Looking at a distance most would assume that the Swedish innovation policy would tick all the boxes. On closer inspection it turns out that there is a lot of room for improvements. On Thursday 28 November an OECD’s evaluation of Sweden’s innovation policy was presented at a seminar organized by the Swedish Entrepreneurship Forum (Entreprenörskapsforum). The review, done on request by the Swedish Government can be accessed via this link and covers 270 pages.
Overall Sweden do well on most rankings but the OECD finds that the country lacks a vital and well functioning innovation system which the OECD deems is the key to the future. Without it Swedish companies will find it increasingly difficult to compete in a globalized world.
Sweden’s strengths, according to the OECD, is the strong macro economic position and the institutional framework, together with a high quality of living and an egalitarian society. In addition to that comes a high scientific level and a commendable industrial research with a strong international presence.
The list of weaknesses is longer, in addition to a lack of a national innovation policy, it is a deteriorating education system, with a few exceptions, weak centres of excellence at the Swedish Universities, limited contact between academia and smaller and mid-sized companies. Swedish academic research is loosing in international rankings as measured by the number of quotations in leading publications. Problems with financing of innovation projects, an unclear regional innovation policy and a lack of reviews are also listed.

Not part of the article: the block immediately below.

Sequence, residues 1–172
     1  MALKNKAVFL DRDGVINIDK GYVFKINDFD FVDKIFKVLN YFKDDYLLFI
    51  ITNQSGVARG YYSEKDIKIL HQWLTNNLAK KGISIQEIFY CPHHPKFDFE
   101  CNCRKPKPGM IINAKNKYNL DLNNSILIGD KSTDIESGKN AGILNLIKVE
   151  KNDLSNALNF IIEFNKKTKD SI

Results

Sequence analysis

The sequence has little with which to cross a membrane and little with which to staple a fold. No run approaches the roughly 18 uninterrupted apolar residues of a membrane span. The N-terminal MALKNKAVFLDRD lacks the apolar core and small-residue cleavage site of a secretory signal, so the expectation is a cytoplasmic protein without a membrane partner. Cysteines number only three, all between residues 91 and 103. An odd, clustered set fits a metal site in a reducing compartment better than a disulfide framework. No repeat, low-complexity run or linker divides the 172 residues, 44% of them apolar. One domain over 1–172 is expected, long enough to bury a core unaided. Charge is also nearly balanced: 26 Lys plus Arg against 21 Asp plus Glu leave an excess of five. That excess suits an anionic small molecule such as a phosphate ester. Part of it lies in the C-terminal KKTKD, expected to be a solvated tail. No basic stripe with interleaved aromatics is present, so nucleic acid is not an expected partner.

Overall, as most would expect, Sweden’s is a leading innovation nation, but despite rather than due to the public sector. Or rather, due to what the public sector did decades ago, such as the fruitful cooperation between Ericsson and Televerket in developing telecom infrastructure and technology, and between Asea and Vattenfall for development of power generation technologies, to give a couple of examples.
OECD gives a number of recommendations to the Swedish Government and agencies, which are to be found in the report itself for those interested. To sum up: OECD recommends a prioritization of innovation policy throughout the work of the Swedish Government, an improvement in the cooperation between various Government departments in this area. The establishment of an innovation council, headed by the Prime Minister, similar to what exists in Finland. Extended use of international benchmarking, using a much wider perspective than today. Analyse and define the actors within the Swedish innovation system, concerning rolls and goals with the policies. End the fragmentation of the public sectors financing of the innovation system by merging funds and Government agencies.
To end on a brighter note, the OECD believes it is well within Sweden’s capabilities to have a world leading innovation system. But for this to happen, it has to start at the very top.